Samuel Smiles published “Self-Help” in 1859. It was the best-seller of the Industrial Revolution — over 250,000 copies sold. Its availability on amazon.com and barnesandnoble.com shows the staying power of his message.
The bottom line on his 157-years-old advice: The more things change, the more they remain the same. Here are some things that haven’t changed:
Great men of science, literature, and art — apostles of great thoughts — have belonged to no exclusive class nor rank in life. They have come alike from colleges, workshops, and farmhouses - from the huts of poor men and the mansions of the rich.
It may be of comparatively little consequence how a man is governed from without, whilst everything depends upon how he governs himself from within.
An intense anticipation itself transforms possibility into reality; our desires being often but precursors of the things which we are capable of performing.
Enthusiasm … the sustaining power of all great action.
He who never made a mistake never made a discovery.
Hope is like the sun, which, as we journey toward it, casts the shadow of our burden behind us.
It is a mistake to suppose that men succeed through success; they much oftener succeed through failure.
Precept, study, advice and example could never have taught them so well as failure has done.
It is energy — the central element of which is will — that produces the miracle that is enthusiasm in all ages.
Everywhere it is what is called force of character and the sustaining power of all great action.
Knowledge conquered by labor becomes a possession — a property entirely our own.
Life will always be to a large extent what we ourselves make it.
Lost wealth may be replaced by industry, lost knowledge by study, lost health by temperance or medicine, but lost time is gone forever.
Man cannot aspire if he looked down; if he rise, he must look up.
Men must necessarily be the active agents of their own well-being and well-doing; they themselves must in the very nature of things be their own best helpers.
Men who are resolved to find a way for themselves will always find opportunities enough; and if they do not find them, they will make them.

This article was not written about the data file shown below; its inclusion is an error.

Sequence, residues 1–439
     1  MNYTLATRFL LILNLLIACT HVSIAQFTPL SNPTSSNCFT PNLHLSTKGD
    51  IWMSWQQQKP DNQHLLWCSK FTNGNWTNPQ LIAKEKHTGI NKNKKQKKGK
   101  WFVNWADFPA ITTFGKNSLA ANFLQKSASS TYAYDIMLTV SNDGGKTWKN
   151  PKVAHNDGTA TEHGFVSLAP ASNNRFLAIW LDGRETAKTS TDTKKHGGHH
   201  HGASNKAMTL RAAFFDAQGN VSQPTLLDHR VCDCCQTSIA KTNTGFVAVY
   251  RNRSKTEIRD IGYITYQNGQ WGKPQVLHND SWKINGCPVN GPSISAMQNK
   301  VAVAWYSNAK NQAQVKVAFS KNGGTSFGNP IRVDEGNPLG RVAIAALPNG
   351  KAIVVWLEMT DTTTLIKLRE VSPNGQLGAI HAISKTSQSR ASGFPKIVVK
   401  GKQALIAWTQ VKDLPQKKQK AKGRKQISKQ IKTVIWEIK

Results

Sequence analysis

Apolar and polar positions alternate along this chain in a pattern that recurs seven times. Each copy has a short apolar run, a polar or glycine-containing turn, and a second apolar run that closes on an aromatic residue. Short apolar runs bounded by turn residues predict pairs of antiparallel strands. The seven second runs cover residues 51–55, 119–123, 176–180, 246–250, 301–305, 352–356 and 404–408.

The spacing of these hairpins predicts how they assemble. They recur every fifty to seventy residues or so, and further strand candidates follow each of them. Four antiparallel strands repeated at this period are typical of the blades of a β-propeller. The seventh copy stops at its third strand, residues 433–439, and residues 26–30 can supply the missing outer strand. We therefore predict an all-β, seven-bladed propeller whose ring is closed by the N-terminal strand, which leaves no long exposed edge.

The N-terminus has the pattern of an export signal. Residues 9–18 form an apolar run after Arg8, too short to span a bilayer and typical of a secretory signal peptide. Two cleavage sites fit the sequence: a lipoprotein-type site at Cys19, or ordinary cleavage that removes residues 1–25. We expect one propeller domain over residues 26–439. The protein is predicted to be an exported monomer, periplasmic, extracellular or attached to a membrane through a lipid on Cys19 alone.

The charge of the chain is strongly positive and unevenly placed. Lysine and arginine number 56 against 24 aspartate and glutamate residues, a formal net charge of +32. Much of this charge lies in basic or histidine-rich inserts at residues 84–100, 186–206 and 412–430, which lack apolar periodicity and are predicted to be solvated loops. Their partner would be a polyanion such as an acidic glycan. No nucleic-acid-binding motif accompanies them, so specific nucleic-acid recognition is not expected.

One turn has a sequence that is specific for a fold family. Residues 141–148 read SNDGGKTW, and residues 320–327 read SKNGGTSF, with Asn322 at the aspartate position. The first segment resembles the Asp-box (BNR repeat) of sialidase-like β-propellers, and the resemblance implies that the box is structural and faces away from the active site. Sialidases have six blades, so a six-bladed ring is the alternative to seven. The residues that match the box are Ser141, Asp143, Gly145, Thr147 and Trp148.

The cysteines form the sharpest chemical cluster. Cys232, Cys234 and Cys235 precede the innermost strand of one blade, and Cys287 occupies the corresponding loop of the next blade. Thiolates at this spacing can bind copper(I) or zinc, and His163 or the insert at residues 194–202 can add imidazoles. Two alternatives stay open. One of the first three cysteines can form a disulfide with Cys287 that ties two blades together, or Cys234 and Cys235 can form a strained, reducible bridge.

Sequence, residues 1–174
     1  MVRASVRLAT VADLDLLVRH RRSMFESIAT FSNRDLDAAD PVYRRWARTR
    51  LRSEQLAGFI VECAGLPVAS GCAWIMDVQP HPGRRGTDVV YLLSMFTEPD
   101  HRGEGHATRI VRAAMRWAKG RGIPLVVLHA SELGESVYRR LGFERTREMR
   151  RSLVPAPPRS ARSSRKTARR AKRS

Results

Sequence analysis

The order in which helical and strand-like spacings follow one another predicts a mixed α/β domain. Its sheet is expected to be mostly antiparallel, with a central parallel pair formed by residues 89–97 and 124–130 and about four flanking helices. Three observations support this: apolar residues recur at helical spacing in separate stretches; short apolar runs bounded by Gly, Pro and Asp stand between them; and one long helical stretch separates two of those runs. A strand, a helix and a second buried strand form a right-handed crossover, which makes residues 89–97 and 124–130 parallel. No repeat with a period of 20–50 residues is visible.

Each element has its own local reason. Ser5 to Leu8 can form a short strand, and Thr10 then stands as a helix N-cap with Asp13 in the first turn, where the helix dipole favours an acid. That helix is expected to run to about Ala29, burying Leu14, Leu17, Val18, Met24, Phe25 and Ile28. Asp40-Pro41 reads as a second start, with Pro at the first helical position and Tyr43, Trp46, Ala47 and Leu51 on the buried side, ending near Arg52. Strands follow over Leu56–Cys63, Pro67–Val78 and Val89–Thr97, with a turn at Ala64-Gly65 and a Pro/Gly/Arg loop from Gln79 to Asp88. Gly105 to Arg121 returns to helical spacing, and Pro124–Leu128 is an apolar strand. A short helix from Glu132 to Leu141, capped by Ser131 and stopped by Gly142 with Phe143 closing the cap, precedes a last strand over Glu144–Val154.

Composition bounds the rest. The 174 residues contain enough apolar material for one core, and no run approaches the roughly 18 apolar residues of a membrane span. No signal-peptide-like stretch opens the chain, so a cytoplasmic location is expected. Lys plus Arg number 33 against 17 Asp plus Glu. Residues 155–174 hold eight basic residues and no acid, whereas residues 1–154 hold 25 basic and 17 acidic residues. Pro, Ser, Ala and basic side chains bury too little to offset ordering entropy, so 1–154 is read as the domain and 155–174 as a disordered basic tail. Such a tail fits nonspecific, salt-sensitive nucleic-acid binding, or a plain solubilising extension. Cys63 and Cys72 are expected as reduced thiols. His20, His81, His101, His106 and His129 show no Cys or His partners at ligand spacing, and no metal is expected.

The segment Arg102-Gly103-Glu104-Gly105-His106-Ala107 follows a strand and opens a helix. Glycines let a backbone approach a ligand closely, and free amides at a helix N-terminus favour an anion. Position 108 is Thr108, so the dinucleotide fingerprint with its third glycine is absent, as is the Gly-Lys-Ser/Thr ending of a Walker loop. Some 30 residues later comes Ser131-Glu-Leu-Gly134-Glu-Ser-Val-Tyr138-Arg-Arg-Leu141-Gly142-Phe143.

Practical wisdom is only to be learned in the school of experience. Precepts and instruction are useful so far as they go, but, without the discipline of real life, they remain of the nature of theory only.
Progress however, of the best kind, is comparatively slow. Great results cannot be achieved at once; and we must be satisfied to advance in life as we walk, step by step.
The apprenticeship of difficulty is one which the greatest of men have had to serve.
The battle of life is, in most cases, fought uphill; and to win it without a struggle were perhaps to win it without honor. If there were no difficulties there would be no success; if there were nothing to struggle for, there would be nothing to be achieved.
The duty of helping oneself in the highest sense involves the helping of one’s neighbors.
The experience gathered from books, though often valuable, is but the nature of learning; whereas the experience gained from actual life is one of the nature of wisdom.
The reason why so little is done is generally because so little is attempted.
The shortest way to do many things is to do only one thing at once.
The work of many of the greatest men, inspired by duty, has been done amidst suffering and trial and difficulty. They have struggled against the tide, and reached the shore exhausted.
We often discover what will do, by finding out what will not do.
Wisdom and understanding can only become the possession of individual men by traveling the old road of observation, attention, perseverance, and industry.
Jim Pawlak is a nationally syndicated reviewer of business books.